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You are here: Home -> Labor and Delivery -> Emergency Childbirth Today: Wednesday, December 13
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Emergency Childbirth

Occasionally a woman goes into labor and can't make it to the hospital. Emergency childbirth can happen to anyone, so it's best to be prepared. Read and study the information on these two pages. Have the names and telephone numbers of your doctor or healthcare provider and those of friends or family written down near the phone. And if it happens to you, try to relax and follow these instructions.

Emergency Delivery If You Are Alone

Call 911 for help.
Call a neighbor, close family member or friend (have phone numbers available).
Try not to push or bear down.
Find a comfortable place, and spread out towels or blankets.
If the baby comes before help arrives, try to use your hands to ease the baby out while you gently push.
Wrap the baby in a clean blanket or clean towels; hold it close to your body to keep it warm.
Use a clean cloth or tissue to remove mucus from the baby's mouth.
Do not pull on the umbilical cord to deliver the placenta—it is not necessary.
If the placenta delivers on its own, save it.
Tie string or a shoelace around a section of the cord. You don't need to cut the cord.
Try to keep yourself and your baby warm until medical help arrives.

Emergency Delivery at Home

Call 911 for help.
Call a neighbor, family member or friend (have phone numbers available).
Encourage the woman not to push or to bear down.
Use blankets and towels to make the woman as comfortable as possible.
If there is time, wash the woman's vaginal and rectal areas with soap and water.
When the baby's head delivers, encourage the woman not to push or bear down. Instead, have her pant or blow, and concentrate on not pushing.
Try to ease out the baby's head with gentle pressure. Do not pull on the head.
After the head is delivered, gently push down on the head and push a little to deliver the shoulders.
As one shoulder delivers, lift the head, delivering the other shoulder. The rest of the baby will follow quickly.
Wrap the baby in a clean blanket or clean towels.
Use a clean cloth or tissue to remove mucus from the baby's mouth.
Do not pull on the umbilical cord to deliver the placenta—it is not necessary.
If the placenta delivers on its own, wrap it in a towel or clean newspapers, and save it.
Tie string or a shoelace around a section of the cord. You don't need to cut the cord.
Keep the placenta at the level of the baby or above the baby.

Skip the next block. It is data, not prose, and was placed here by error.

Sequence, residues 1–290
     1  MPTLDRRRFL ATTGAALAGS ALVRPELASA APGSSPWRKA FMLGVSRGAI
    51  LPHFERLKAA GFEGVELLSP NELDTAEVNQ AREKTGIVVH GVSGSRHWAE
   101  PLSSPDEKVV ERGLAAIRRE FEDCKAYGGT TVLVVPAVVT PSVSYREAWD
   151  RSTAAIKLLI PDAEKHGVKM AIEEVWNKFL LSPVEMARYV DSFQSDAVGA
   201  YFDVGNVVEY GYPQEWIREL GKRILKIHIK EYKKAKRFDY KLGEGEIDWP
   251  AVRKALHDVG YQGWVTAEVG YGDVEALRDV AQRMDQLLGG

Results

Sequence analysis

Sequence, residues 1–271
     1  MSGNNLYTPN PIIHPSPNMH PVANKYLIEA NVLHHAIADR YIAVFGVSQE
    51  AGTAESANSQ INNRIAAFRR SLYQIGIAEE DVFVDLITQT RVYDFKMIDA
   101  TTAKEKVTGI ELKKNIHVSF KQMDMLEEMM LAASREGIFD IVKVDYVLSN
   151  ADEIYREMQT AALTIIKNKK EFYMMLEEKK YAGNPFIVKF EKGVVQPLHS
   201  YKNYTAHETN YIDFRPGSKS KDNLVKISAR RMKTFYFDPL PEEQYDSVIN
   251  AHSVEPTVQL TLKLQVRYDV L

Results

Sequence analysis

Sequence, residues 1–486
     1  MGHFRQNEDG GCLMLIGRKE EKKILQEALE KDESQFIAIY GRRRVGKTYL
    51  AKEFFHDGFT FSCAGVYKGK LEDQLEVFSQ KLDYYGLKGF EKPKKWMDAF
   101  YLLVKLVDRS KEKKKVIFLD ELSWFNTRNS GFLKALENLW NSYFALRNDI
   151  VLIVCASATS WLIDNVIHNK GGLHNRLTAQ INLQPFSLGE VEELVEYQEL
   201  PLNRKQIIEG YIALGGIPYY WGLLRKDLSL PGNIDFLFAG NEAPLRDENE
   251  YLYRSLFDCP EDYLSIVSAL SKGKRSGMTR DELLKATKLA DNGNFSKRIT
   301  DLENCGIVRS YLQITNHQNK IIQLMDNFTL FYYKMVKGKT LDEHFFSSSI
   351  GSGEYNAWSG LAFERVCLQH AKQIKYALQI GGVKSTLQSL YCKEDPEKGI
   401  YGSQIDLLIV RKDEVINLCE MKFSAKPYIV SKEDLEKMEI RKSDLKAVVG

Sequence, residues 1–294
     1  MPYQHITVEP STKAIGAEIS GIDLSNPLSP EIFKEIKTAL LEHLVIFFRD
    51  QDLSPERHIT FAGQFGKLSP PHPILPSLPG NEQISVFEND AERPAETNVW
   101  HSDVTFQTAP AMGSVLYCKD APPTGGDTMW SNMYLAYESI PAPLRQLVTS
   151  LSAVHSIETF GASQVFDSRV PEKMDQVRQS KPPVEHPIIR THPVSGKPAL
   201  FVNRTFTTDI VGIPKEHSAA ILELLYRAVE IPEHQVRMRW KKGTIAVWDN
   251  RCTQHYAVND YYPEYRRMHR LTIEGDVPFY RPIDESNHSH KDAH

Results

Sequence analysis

Keep mother and baby warm with towels or blankets until medical help arrives.

Emergency Delivery on the Way to the Hospital

Pull over and stop the car.
Try to get help, if you have a cellular phone or a CB radio.
Put on your flashing warning lights.
Place the woman in the back seat, with a towel or blanket under her.
Encourage the woman not to push or bear down.
When the baby's head delivers, encourage the woman not to push or bear down. Instead, have her pant or blow, and concentrate on not pushing.
Try to ease out the baby's head with gentle pressure. Do not pull on the head.
After the head is delivered, gently push down on the head and push a little to deliver the shoulders.
As one shoulder delivers, lift the head, delivering the other shoulder. The rest of the baby will follow quickly.
Wrap the baby in a clean blanket or clean towels. Clean newspapers can be used if nothing else is available.
Use a clean cloth or tissue to remove mucus from the baby's mouth.
Do not pull on the umbilical cord to deliver the placenta—it is not necessary.
If the placenta delivers on its own, wrap it in a towel or clean newspapers and save it.
Tie string or a shoelace around a section of the cord. You don't need to cut the cord.
Keep the placenta at the level of the baby or above the baby.
Keep mother and baby warm until you can get them to the hospital or medical help arrives.
Labor and Delivery Articles:
Water Breaking | Inducing Labor | Childbirth-Education Classes | Premature Labor | What Should I Bring to the Hospital? | Labor | Tests During Labor | Dealing with Pain in Childbirth | Cesarean Delivery | Will I Need an Episiotomy? | Baby's Birth Position | Delivery of Your Baby | After Your Baby Is Born | If Your Baby Is Late | Emergency Childbirth | Hospital Births: Losing the Fear Factor
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